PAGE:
4 Tips for Getting a Mortgage for a Second Home

A second home can be a great investment. Apart from having a place for holidays, it can also generate cash flow. That said, if you rent your second home out and use the rental income to pay its mortgage, your second home may even pay for itself.

But before jumping in, you need to understand the requirements and rules for a second home mortgage as they differ from the mortgage on your primary residence. In this article, you’ll find the rules and requirements that apply to a second home mortgage and four tips for getting a mortgage for your next property.

1. Choose the Location of Your Second Home

Choosing where to buy your second home is a major decision. It’s vital to discuss locations with family members who are included in the final decision. From there, start researching the best neighborhoods. Also, consider partnering with a local real estate agent to find the best area.

That will make the preapproval much easier. Teaming up with a real estate agent, researching, and calculating your finances within the new area will show upfront initiative to your lender. Remember that a California vacation home mortgage may differ from a second home mortgage in Florida, Georgia, or other states.

Suggestively, Boca Raton Real Estate, which are on Florida’s southeastern coasts, are ideal places for a second home because of the quality of life. Mainly because of its good weather, variety of activities and destinations, coastal lifestyle, beaches, and the overall management of the city.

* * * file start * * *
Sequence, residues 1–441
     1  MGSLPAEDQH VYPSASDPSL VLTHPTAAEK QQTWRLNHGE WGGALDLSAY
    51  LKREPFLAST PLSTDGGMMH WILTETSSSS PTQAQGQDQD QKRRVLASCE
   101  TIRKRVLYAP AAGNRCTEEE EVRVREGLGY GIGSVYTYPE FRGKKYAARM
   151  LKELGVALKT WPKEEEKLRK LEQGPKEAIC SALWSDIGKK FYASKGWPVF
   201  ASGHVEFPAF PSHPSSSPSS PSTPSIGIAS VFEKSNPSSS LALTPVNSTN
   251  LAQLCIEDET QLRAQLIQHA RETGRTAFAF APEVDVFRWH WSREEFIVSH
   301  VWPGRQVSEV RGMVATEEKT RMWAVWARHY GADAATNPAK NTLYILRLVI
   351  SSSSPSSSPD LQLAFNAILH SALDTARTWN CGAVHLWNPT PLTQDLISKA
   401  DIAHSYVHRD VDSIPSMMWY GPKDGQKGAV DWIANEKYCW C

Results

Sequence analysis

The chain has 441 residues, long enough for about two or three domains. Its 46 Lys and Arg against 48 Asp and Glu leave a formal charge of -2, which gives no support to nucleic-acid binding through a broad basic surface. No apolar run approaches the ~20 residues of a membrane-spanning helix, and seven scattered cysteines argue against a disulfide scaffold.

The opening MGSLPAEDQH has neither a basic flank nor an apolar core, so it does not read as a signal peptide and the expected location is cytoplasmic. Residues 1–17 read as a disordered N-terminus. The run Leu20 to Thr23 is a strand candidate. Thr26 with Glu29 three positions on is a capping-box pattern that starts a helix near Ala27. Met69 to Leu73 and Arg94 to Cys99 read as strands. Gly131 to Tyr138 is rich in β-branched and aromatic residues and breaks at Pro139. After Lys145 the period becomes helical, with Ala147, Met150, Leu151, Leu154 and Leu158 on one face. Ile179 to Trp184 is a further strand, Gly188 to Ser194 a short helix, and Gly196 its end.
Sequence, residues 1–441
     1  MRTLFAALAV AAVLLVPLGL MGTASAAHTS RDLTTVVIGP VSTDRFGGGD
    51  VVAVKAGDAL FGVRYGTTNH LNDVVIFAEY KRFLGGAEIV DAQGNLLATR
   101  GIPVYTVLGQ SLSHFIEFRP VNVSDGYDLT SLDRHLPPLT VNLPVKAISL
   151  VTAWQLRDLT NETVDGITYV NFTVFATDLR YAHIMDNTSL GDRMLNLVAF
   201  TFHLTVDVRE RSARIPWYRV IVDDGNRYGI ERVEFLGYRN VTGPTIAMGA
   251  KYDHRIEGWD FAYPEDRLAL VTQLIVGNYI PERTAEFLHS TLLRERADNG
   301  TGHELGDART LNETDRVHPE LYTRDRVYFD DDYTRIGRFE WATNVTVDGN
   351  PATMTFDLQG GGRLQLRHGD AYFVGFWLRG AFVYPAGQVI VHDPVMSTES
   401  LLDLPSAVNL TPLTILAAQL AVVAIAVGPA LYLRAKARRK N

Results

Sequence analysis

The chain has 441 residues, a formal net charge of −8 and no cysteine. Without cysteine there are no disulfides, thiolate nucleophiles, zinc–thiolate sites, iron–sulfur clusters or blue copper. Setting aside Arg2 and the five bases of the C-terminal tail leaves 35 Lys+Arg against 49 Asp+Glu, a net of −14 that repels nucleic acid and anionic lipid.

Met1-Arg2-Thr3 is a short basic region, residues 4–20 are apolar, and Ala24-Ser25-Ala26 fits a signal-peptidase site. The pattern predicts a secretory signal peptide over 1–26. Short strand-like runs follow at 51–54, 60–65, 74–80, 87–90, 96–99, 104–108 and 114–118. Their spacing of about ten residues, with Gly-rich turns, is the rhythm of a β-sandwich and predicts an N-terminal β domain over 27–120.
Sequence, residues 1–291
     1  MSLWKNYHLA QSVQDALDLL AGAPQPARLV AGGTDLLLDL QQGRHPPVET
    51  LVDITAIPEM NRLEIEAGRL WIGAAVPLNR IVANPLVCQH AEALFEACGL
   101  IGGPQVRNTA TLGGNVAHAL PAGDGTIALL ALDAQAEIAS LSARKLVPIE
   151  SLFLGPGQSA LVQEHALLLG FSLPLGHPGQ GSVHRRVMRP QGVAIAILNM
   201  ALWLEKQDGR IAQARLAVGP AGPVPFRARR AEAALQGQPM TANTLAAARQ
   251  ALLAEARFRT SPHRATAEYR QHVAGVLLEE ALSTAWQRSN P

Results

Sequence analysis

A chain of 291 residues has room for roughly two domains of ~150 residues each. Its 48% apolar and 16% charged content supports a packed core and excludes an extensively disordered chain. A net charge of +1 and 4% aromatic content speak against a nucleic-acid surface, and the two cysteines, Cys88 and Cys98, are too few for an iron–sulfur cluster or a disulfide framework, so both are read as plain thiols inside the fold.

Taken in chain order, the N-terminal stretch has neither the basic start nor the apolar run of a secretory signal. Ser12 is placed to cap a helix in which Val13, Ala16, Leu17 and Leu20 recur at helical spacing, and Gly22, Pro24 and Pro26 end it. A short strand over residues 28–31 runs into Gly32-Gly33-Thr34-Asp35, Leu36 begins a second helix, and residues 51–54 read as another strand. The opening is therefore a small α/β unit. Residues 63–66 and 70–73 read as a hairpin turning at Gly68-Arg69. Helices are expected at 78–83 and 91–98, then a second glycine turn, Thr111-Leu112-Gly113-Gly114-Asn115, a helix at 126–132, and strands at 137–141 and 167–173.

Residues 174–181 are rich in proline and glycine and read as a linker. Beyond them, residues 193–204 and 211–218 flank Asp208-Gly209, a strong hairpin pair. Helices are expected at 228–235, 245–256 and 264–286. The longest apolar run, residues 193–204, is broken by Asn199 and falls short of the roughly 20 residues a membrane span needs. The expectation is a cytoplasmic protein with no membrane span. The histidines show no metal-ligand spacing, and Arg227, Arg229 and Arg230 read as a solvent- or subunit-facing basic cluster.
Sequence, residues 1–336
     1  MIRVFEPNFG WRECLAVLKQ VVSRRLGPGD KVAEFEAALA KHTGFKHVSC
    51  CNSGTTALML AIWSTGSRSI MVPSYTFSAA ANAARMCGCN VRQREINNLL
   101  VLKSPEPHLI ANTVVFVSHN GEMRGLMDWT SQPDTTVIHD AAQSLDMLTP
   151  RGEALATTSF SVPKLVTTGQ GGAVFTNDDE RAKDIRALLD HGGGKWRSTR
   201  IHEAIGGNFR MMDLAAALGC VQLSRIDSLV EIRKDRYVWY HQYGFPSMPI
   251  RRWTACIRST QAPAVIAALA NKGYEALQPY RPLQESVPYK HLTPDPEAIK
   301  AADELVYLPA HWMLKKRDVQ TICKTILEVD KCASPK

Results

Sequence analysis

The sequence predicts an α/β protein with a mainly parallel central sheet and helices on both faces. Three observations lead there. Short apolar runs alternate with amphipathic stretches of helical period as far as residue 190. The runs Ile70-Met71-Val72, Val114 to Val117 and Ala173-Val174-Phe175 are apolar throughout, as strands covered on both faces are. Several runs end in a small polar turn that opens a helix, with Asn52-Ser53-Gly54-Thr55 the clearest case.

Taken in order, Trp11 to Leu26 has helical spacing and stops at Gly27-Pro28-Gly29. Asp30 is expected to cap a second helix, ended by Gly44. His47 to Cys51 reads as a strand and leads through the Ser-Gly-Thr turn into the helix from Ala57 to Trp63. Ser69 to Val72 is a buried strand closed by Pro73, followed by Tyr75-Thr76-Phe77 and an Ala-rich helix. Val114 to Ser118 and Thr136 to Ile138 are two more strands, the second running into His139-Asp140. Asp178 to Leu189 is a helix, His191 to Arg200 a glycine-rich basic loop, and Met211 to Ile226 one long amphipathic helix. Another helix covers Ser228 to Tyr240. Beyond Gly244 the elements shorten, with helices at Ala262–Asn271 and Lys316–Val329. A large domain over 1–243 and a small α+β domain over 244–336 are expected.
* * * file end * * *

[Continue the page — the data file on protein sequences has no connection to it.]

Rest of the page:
2. Qualify for a Conventional Loan

With a conventional loan, you’ll have to make a larger down payment, meet tighter guidelines, and pay a higher interest rate than you would for a mortgage on your first home.

The minimum down payment for a second home is usually 20%. However, some lenders may demand a down payment of 30% or even 35%.

To qualify for a conventional loan on a second property, you’ll typically need a higher credit score – 725 or even 750, depending on the lender. Moreover, your monthly debt-to-income (DTI) ratio has to be strong, especially if you want to limit your down payment to 20%. Also, you’ll have to document your income and assets since lenders will need substantial cash reserves to ensure you can handle payments on two properties.

Second-home loans often include a slightly higher interest rate than primary home loans. Lenders base pricing on risk and typically believe borrowers are more likely to default on a second home loan than the mortgage on their primary residence.